Review: ‘Legends of Kualoa’ shares history
BY JOHN BERGER / firstname.lastname@example.org
One of the many things visitors discover when they come to Hawaii is that commercial lu‘au shows devote much more time to the cultures of the South Pacific than Hawaii. Not that’s anything inherently wrong with that — Samoa, New Zealand and Tahiti have all made dramatic contributions to visitor industry entertainment — but the emphasis on Southern Polynesia in most commercial lu‘au shows puts Mamoli‘i Productions’ new show, “The Legends of Kualoa,” in a category all its own.
‘The Legends of Kualoa’
Presented by Momoli’i Productions and Kualoa Ranch
» Where: Kualoa Ranch, 49-560 Kamehameha Hwy
“The Legends of Kualoa” is 100% Hawaiian.
The emcee announces at the beginning of the show that there’ll be no fire-knife dancing because fire-knife dancing comes from Samoa. There’ll be no Maori haka because haka comes from New Zealand. There’ll be no Tahitian dancing because, well, Tahitian dancing comes from Tahiti and “Legends” is about the traditional culture of Hawaii. The chants are Hawaiian, the dancing is Hawaiian, and when music accompanies the chanters it is played on traditional pre-Contact instruments.
In short, this show is about pre-Contact hula kahiko, and Hawaii as it was before Captain Cook “discovered” it. The male dances wear traditional malos as is appropriate when dancing hula kahiko. The women opt for modern post-missionary attire.
The all-Hawaiian content is not the only thing that distinguishes “Legends” from conventional tourist lu‘au shows. “Legends” also takes a fresh and welcome approach to audience participation. A standard part of many commercial lu‘au shows over the years has been bringing male members of the audience up on stage, creating a situation when the unwitting men are encouraged to attempt dancing like Tahitian women — and making them objects of ridicule. “Legends” replaces that type of nastiness with a real hula lesson. Volunteers are taught the first three moves in a hula about the Hokule‘a voyaging canoe while everyone else learns the appropriate lines of the chant.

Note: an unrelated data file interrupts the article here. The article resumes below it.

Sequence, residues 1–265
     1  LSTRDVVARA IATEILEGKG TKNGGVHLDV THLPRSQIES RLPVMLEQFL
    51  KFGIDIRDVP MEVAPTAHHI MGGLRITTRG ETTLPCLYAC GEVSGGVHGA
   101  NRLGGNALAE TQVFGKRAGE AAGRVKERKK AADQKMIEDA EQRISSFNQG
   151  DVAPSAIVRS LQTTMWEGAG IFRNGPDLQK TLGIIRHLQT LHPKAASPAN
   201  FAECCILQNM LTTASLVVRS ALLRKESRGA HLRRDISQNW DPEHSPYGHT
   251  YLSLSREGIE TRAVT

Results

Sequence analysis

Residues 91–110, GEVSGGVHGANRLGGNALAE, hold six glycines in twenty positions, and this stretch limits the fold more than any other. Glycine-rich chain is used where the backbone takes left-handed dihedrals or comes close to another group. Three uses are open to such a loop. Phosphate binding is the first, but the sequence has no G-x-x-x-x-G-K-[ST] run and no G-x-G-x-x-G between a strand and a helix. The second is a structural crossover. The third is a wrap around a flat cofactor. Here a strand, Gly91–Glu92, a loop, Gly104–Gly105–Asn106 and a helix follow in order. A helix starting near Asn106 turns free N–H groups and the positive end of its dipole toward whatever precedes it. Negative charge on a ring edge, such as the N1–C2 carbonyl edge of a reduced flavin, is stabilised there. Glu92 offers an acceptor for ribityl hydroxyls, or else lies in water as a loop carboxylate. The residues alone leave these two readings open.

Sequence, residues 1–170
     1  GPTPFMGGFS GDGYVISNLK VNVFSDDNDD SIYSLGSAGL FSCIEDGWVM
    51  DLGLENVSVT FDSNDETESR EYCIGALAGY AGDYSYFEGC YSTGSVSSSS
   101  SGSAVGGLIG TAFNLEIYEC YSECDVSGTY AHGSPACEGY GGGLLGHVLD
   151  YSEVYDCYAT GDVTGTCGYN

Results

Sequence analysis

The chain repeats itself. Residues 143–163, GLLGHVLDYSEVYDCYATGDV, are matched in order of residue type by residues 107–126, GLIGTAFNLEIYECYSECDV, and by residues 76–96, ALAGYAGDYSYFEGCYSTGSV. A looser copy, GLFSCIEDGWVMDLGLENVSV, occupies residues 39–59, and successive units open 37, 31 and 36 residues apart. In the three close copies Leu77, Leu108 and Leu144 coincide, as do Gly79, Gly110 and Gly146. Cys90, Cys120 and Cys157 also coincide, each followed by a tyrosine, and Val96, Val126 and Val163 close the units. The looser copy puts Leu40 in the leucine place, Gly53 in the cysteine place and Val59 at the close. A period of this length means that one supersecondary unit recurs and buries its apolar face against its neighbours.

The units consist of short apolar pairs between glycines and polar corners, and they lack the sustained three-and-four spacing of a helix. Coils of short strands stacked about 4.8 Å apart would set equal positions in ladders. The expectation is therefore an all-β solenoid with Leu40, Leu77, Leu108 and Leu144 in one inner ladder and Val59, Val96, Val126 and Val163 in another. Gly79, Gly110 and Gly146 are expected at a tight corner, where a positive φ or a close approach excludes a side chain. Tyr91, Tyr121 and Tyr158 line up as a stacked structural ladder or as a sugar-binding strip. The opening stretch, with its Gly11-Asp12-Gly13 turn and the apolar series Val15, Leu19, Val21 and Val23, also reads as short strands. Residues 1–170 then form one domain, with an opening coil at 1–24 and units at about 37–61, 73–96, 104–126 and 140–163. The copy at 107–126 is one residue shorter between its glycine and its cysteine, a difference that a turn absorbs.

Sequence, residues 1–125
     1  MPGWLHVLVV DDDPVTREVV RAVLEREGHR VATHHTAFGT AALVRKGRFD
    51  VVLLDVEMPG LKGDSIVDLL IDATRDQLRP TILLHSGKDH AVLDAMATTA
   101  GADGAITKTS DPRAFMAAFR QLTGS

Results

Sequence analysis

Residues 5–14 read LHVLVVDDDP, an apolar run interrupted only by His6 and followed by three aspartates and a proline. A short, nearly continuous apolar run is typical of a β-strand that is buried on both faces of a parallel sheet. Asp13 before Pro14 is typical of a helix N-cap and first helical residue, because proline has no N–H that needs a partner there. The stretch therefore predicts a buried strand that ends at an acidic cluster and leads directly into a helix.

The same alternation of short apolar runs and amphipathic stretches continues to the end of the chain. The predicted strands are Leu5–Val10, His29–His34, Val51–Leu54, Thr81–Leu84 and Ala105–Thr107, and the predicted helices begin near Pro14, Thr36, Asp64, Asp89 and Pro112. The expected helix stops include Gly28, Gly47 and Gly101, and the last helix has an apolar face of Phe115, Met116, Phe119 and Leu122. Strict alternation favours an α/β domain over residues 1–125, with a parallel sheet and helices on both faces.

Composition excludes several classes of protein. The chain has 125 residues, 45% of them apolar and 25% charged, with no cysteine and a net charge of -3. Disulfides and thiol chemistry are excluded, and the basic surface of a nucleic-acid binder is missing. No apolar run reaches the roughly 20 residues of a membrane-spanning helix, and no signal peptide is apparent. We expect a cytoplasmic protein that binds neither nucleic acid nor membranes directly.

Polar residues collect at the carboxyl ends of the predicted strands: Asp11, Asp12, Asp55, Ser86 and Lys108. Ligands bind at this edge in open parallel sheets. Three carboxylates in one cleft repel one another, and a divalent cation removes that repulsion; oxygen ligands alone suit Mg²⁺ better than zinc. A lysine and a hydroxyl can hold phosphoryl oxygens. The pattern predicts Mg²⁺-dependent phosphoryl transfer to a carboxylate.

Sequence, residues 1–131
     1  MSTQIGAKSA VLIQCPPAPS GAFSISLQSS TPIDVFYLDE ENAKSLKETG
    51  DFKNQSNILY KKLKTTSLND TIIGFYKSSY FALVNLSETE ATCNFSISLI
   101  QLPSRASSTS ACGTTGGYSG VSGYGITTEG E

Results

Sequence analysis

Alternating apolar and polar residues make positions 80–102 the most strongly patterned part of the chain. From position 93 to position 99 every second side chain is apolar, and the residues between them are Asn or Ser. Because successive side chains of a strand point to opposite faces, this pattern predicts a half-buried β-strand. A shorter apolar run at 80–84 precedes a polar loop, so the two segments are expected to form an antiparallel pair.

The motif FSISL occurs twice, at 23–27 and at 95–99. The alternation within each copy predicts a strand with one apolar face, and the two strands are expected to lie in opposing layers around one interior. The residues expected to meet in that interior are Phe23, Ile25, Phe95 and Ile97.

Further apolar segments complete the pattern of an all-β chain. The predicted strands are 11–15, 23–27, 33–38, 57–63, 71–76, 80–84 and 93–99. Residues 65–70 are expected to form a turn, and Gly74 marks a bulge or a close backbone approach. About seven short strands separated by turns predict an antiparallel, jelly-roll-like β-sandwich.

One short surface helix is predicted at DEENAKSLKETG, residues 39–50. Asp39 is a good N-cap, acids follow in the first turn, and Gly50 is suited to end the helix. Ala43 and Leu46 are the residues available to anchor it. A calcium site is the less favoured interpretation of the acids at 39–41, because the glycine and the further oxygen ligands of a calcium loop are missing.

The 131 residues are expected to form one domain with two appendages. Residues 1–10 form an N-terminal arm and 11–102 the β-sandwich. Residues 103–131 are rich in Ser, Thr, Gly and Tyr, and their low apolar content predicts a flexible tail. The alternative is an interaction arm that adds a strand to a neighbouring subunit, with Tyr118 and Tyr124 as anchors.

It is much more in keeping with Hawaiian traditions of hospitality to share something with visitors rather than make fools of them.
Male volunteers are also invited up to play bit parts as the wives of a legendary Hawaiian character but the “wives” bit stops well short of humiliating them.
There is also a lengthy and somewhat risky segment where the cast demonstrates several makahiki games and then invites members of the audience to play the games with them. This is remarkable for at least two reasons. First, because makahiki games have not been standard fare for Polynesian revues. Second, because whenever performers interact one-on-one with members of the audience the results can be unpredictable (One of the female dancers held her own in a hand-slapping game against a larger and more muscular male opponent last Thursday).
Other parts of the show give visitors insights into the cultural importance of the Kualoa area and the role of the Hokule‘a in reviving interest in traditional Polynesian navigation techniques.
In short, this is a show that Hawaii residents can share with out-of-town guests with pride rather than potential embarrassment.
John Berger has been a mainstay in the local entertainment scene for nearly 40 years. Contact him via email at email@example.com.